I like to think of myself as a somewhat-inspired baker, though. I have long had big plans for sewing (and remember fondly putting my costuming skills to practical use as a theater major eons ago). I am a half-assed knitter and I’d love the chance to get better at it. I want to make homemade gifts for family members, bake my own bread, sew the girls Halloween costumes and at least put one project on Ravelry. I just can’t get the motivation to do these things, though, amid my current state of affairs. And I haven’t even touched on the cleaning. As much as I don’t like to clean, a clean house makes me feel calm. I imagine it will make the girls feel calm too – I certainly remember how the disarray and disorder of my childhood home (and the subsequent Mommy Dearest-inspired cleaning marathons) made things feel, well, churned up, if you will.

I just wonder if this will change. If so, how? Everyone tells me I’m in the thick of it, with a one year old and a nearly three year old. I’m in the thick of something, that’s for sure, but it’s hard to come up for air and imagine a life where I’ll have both time and energy for activities that seem like a far far distant dream right now. I just. can’t. see. it. Not right now.

I am so needed right now, by everyone. I shrug off official work because it is the only one I can shrug off. Yet, I desperately need the money it brings in. Egads. This is my current existential bane.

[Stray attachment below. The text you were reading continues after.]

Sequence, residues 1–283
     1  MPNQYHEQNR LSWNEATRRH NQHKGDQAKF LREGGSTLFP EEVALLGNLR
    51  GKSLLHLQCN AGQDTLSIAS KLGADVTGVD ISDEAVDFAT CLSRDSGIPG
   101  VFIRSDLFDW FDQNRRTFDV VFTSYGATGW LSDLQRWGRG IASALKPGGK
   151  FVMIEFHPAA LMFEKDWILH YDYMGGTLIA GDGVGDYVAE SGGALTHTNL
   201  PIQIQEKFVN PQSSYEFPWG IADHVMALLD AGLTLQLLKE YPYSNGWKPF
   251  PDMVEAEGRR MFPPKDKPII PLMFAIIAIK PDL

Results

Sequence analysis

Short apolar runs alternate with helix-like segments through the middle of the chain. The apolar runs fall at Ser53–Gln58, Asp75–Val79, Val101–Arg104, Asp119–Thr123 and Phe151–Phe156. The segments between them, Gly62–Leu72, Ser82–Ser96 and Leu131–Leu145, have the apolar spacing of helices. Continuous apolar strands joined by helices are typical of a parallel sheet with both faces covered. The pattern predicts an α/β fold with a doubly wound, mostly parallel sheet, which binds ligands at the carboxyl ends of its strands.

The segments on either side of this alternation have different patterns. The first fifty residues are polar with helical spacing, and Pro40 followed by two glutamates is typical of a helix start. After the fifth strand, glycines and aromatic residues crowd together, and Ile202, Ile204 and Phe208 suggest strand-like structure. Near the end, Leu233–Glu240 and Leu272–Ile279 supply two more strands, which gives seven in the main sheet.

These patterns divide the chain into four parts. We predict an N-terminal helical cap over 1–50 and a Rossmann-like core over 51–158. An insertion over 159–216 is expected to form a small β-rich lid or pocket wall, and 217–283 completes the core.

We can’t afford for me to stay home all the time and if Spring Break was any indication, that would simply leave me in a pool of drool anyway. Because I get that mamas need downtime. And if you could barely eke out an existence with one parent not working, how in the hell could you afford any downtime? No MDO, no babysitters – we’re talking bleak. If I could stay home while the kids were in daycare, I’d get loads of stuff done, but then I’d feel selfish and wasteful. And that kind of financial picture doesn’t exist for us right now, not while the man’s in school.

(Have I veered into whiny here? Forgive me. It happens. Far quicker than I intend. I start to hear this little annoying buzz in the back of my head and realize it’s me, whinging on. Again.)

So, buck up, right? Either let the house fall into hovel-status and forget any apron-clad dreams of making your own jelly or ignore the kids and bake and craft in blessed oblivion, assuming they wouldn’t make off with necessary supplies like yarn and feed your new bamboo knitting needles to the dog.